Puncturing the earlobe

Aspiration of a homogenous whole blood sample into the blood-gas analyzer requires that the sample be artificially anticoagulated to prevent in vitro clotting. Heparin is the only anticoagulant suitable for blood-gas testing. Blood gas capillary tubes contain heparin.

After puncturing the ear lobe the blood must flow freely. Where this does not happen either:

  1. The puncture is inadequate and has not severed the capillary bed sufficiently
  2. The ear lobe is insufficiently arterialised and requires more heating (arterialisation)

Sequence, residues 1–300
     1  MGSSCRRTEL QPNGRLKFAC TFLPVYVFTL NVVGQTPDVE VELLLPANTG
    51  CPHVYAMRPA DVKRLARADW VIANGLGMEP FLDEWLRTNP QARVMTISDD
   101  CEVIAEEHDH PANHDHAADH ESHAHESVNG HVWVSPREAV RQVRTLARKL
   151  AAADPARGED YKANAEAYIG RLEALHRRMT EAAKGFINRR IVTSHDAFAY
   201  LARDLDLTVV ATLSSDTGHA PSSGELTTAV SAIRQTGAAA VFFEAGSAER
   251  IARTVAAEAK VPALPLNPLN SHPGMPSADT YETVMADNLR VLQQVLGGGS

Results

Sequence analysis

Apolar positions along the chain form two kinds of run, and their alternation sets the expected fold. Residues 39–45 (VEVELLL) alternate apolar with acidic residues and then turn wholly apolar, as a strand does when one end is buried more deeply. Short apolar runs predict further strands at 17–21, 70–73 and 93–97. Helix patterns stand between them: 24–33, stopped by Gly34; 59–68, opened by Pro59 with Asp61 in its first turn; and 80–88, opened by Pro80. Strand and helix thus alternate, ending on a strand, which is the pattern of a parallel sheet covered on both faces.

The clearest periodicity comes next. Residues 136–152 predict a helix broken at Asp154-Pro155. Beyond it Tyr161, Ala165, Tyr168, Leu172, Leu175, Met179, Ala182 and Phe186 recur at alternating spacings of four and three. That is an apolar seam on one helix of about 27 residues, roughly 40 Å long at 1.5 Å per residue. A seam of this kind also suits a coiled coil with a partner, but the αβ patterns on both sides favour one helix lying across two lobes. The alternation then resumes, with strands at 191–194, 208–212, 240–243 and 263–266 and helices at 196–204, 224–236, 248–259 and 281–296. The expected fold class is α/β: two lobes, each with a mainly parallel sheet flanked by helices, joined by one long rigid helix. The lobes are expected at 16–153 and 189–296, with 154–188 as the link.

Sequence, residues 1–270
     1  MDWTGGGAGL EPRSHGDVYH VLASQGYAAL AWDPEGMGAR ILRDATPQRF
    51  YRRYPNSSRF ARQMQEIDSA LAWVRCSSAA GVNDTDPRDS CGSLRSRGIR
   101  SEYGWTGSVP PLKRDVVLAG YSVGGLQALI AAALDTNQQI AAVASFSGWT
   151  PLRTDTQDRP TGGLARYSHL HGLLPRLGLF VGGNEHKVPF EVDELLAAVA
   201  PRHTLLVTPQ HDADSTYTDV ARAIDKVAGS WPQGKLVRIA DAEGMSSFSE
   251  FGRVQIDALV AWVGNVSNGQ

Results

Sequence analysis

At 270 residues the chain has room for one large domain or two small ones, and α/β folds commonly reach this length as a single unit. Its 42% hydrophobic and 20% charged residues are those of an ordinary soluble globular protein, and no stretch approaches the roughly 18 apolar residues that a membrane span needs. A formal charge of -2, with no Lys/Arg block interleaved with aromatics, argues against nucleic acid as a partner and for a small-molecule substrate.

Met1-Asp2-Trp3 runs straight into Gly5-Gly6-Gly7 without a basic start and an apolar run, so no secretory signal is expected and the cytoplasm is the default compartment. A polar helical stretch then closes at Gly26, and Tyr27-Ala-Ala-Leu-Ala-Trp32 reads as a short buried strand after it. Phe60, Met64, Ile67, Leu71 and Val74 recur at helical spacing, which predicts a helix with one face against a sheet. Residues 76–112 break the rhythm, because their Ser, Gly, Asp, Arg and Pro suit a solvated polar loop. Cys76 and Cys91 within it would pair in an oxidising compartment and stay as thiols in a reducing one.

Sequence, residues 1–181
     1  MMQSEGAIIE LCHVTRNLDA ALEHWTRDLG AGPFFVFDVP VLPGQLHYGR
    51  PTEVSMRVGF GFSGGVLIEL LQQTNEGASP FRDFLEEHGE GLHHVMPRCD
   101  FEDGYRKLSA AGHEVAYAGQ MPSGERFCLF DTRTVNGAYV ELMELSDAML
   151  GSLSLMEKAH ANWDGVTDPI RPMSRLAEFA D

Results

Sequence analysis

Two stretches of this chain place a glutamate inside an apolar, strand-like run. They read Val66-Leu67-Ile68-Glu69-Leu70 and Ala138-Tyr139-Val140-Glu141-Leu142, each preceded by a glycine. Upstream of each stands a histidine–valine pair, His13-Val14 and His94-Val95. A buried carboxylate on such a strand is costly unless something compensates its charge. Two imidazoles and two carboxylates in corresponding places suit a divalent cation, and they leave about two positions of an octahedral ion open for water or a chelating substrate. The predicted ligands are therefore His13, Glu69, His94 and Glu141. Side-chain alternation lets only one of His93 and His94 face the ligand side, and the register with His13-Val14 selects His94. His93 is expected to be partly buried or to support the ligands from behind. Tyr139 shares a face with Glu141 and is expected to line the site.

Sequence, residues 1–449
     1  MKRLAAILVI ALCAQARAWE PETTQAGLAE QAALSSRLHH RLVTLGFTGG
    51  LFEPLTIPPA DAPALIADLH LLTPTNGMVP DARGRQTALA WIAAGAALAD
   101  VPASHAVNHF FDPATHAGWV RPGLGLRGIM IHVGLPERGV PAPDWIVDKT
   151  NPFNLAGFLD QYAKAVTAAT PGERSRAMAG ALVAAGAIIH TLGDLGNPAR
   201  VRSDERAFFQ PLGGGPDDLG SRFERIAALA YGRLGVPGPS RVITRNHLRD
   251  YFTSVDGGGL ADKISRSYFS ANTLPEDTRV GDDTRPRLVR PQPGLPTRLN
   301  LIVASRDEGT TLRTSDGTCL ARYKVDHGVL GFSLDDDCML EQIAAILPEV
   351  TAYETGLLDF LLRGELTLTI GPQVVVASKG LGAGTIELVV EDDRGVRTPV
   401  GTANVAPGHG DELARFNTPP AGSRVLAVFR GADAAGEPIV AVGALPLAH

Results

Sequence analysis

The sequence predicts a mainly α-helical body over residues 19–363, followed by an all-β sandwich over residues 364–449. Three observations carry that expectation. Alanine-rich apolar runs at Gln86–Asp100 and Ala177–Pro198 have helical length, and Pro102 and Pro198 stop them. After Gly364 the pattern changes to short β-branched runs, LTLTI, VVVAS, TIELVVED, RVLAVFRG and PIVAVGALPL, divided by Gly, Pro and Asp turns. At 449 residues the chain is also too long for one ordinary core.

Should blood not flow freely, reheat, re-puncture and retake the blood sample. Avoid squeezing or milking (excessive repetitive pressure) of the ear lobe as this will cause haemolysis and sample contamination with tissue fluid. In fact, in most cases, the need to facilitate blood flow by milking is usually a consequence of the issues above and the result will invariably show low oxygen and will need to be repeated.

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